ISSUE 144 JANUARY/FEBRUARY 2006
CONTENTS & EDITORIAL
17 | LETTERS Karakalpak remembered; fakes and half truths.
19 | NEWS Prammer kilims in Linz; new de Young director.
21 | MARKET REPORT Focus on the lively rug and textile scene in Milan.
23 | OUTLOOK Susan Scollay reports from Australia.
27 | PREVIEW Exhibitions: Indonesian ikats; Batak textiles; Anatolian rugs. Conferences: ACOR Boston
38 | CALENDAR Auctions, exhibitions, fairs and conferences.
41 | GALLERY House style advertisements.
47 | BOOKS Reviews ofAnimal Myth and Magic; Mantles of Merit andMarokko/Morocco Mon Amour.
51 | WORKSHOP A unique carpet restoration venture in Izmir.
53 | FORUM Stefano Ionescu gives a Transylvanian update.
54 | THE CULT OF THE SEA Vanessa Drake Moraga Marine imagery in Pre-Columbian textiles.
58 | FROM THE FRONTIER Unknown Ottoman Embroideries Gerard Paquin In search of the origin of a cluster of previously unknown silk embroideries.
70 | THE POINT OF RED Penny Oakley Ottoman velvets from a private collection.
76 | SPLENDOURS OF THE SONS OF HEAVEN Chinese carpets from the recent Cologne show.
101 | REVIEW Exhibitions: Asian Art; Wari textiles;Queen Isabella; Ottoman costume; propaganda textiles; early felts; kilims. Exhibitions: SNY carpets.
115 | AUCTION PRICE GUIDE Highlights from the London and NY sales.
121 | DESIGN FILE The meaning of ‘Ziegler’.
125 | MODERN CARPET FOCUS Aspecial advertorial section.
147 | NETWORK Classiﬁed advertisements.
153 | PROFILE The avid art collector from Texas, Bill Price.
154 | PARTING SHOTS From Cologne and Washington DC.
156 | ON THE MARKET Central Asian ikats over $5,000.
Iwas recently in Washington DC for my ﬁrst Textile Museum Convention (21-23 October 2005). It was preceded by a dinner at which Jack Lenor Larsen, the well-known American textile designer, was presented with the inaugural George Hewitt Myers Award in recognition of his contribution to the textile arts. The dinner was perhaps the most enjoyable event of its kind that I have ever attended. This was due in good part to the professionalism of the TM organisers, but I was also impressed by the eloquence of the speeches made by TM Director Dan Walker and Jack Larsen himself, both of whom spoke enthusiastically about inspiration, creativity and the ability of beautiful textiles to excite and engage people. These sentiments united the two hundred plus audience and are certainly at the heart of this award, as well as underpinning the museum’s mission. The evening was enjoyable for another reason: for me it was a ﬁrst to dine out with a large and diverse group of people united by a common interest outside the context of a conference, exhibition or fair. The TM should be commended for taking a lead in recognising and celebrating people who have made exceptional contributions to our ﬁeld. As well as promoting standards, it demonstrates a commitment to developing a wider audience for the textile arts and encouraging a new generation of researchers to enter the subject area – a task that we at HALI share. When it was ﬁrst mooted, some TM Trustees had considered the late Robert Pinner a likely recipient of the award, and there are similarities between Larsen and Pinner’s contributions. Both adopted a simple, logical, scientiﬁc approach to understanding their material, seeking to codify structure, deconstruct design and deﬁne function. Their work illustrates the method of analysis and interpretation that meaningful future research should pursue in rug and textile studies. For Pinner, who had a background in metallurgy, these tools allowed him to build groups around which he deﬁned different rug types. For Larsen, who trained as an architect, an understanding of textiles allowed him to create the fabrics most appropriate for their particular context in an interior. The convention itself, on ‘The Japanese Style and the Culture of Cloth’, was just as instructive. The success of any event of this kind should be measured by its ability to interest and inform, and in my case can be quantiﬁed by the amount of ideas and new material I was able to bring back to London. By this measure I look forward to next year’s convention, when I hope to see a larger European contingent and more representatives of the carpet and textile trade. Ben Evans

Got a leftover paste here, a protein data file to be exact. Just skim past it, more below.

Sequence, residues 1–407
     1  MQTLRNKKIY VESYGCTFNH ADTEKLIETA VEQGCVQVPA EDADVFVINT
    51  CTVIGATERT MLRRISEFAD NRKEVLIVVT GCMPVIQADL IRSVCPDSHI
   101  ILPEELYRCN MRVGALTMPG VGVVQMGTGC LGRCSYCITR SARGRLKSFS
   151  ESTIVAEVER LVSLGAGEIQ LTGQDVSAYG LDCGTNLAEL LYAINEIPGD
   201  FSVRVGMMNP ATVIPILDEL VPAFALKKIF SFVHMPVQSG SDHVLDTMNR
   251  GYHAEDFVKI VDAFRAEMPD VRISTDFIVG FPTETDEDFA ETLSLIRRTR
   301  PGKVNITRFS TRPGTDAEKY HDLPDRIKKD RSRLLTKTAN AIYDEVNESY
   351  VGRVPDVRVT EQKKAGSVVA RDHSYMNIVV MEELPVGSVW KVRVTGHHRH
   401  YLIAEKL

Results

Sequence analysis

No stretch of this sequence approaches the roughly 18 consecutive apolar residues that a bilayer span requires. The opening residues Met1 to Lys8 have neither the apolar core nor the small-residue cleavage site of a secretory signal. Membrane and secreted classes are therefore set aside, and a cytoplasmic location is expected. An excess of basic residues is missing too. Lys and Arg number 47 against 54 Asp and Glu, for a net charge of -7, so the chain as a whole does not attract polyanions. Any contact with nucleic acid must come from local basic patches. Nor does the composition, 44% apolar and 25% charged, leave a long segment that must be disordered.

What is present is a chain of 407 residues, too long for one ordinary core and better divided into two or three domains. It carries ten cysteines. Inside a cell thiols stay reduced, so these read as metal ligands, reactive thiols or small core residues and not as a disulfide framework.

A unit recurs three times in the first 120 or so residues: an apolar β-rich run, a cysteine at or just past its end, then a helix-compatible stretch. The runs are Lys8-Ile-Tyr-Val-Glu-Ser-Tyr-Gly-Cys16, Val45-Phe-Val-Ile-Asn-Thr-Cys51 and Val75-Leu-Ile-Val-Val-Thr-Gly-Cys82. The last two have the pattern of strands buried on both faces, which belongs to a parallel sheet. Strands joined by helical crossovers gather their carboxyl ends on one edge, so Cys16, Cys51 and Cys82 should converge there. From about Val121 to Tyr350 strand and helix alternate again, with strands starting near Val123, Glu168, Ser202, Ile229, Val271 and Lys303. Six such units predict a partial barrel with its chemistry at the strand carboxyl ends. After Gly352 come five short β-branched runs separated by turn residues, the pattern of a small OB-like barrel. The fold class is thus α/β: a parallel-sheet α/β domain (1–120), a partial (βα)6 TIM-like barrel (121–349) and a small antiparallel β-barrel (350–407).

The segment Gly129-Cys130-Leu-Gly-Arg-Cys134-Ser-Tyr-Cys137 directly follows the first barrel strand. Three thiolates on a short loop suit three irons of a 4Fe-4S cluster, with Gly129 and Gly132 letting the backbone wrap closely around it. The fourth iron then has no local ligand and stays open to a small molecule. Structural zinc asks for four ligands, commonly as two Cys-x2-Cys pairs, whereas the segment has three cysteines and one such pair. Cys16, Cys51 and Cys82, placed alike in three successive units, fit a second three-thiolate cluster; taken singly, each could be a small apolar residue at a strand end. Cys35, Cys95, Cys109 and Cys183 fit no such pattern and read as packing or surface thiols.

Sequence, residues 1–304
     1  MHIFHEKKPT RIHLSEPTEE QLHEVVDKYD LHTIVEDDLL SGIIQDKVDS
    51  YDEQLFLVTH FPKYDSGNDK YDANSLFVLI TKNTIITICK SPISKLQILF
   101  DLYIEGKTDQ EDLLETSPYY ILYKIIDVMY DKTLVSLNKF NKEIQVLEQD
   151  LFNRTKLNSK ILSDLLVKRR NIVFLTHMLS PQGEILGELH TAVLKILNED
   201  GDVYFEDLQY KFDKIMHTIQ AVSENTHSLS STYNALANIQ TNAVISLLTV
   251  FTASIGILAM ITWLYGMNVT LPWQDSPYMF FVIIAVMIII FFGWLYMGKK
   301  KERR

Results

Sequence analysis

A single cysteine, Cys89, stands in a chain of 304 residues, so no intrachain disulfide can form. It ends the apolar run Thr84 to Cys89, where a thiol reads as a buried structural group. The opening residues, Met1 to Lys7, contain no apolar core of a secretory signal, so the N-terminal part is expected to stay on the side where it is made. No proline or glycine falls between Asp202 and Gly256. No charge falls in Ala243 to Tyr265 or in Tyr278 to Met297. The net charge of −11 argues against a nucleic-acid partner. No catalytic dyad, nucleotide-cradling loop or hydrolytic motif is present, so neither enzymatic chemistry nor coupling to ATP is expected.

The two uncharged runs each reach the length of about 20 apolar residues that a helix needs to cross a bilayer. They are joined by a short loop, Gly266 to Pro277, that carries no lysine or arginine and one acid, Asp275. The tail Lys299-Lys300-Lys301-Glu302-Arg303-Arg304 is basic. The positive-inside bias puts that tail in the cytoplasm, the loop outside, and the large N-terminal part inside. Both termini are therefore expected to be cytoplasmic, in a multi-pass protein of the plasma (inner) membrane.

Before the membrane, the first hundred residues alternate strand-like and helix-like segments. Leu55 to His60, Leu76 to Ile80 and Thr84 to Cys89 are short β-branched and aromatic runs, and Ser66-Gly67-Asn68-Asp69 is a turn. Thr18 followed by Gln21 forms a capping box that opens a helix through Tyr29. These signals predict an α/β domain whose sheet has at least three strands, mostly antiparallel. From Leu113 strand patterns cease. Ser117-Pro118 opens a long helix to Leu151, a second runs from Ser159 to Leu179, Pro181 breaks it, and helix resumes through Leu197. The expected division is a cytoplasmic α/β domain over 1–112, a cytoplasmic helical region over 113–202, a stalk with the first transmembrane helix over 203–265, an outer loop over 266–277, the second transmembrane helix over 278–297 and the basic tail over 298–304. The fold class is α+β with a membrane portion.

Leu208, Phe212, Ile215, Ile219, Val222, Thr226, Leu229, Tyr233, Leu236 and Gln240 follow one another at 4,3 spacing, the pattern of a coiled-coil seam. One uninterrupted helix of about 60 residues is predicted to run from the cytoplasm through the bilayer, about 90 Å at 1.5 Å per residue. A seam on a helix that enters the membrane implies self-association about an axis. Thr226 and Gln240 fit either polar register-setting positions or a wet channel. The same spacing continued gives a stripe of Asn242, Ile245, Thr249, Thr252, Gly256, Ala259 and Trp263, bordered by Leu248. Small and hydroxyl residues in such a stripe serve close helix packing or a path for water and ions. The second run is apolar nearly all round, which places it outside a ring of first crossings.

Floating Shrimp, Wari Culture, Huarmey Valley, Peru, ca. 6001000 AD. Camelid wool; tapestry technique, 18 x 23 cm (7" x 9"). Fishing has always been the major occupation of people living along the Paciﬁc coast of Peru. Over the millennia, Andean ﬁshermen developed their own way of life, customs, dances, forms of celebration, and even their own language. Estuaries, rivers, beaches and the ocean itself were brimming with crustaceans, and the trade between the coast and the Andean Highlands in dried shrimp and other marine products such as ﬁsh and seaweed, was a cornerstone of the pre-Columbian economy. As with the many Nasca embroideries depicting water birds with shrimp or crayﬁsh in their beaks, this design from a Wari tunic, is suggestive of clouds of shrimp ﬂoating amid shafts of refracted underwater light, evokes and celebrates this vital resource. Private collection
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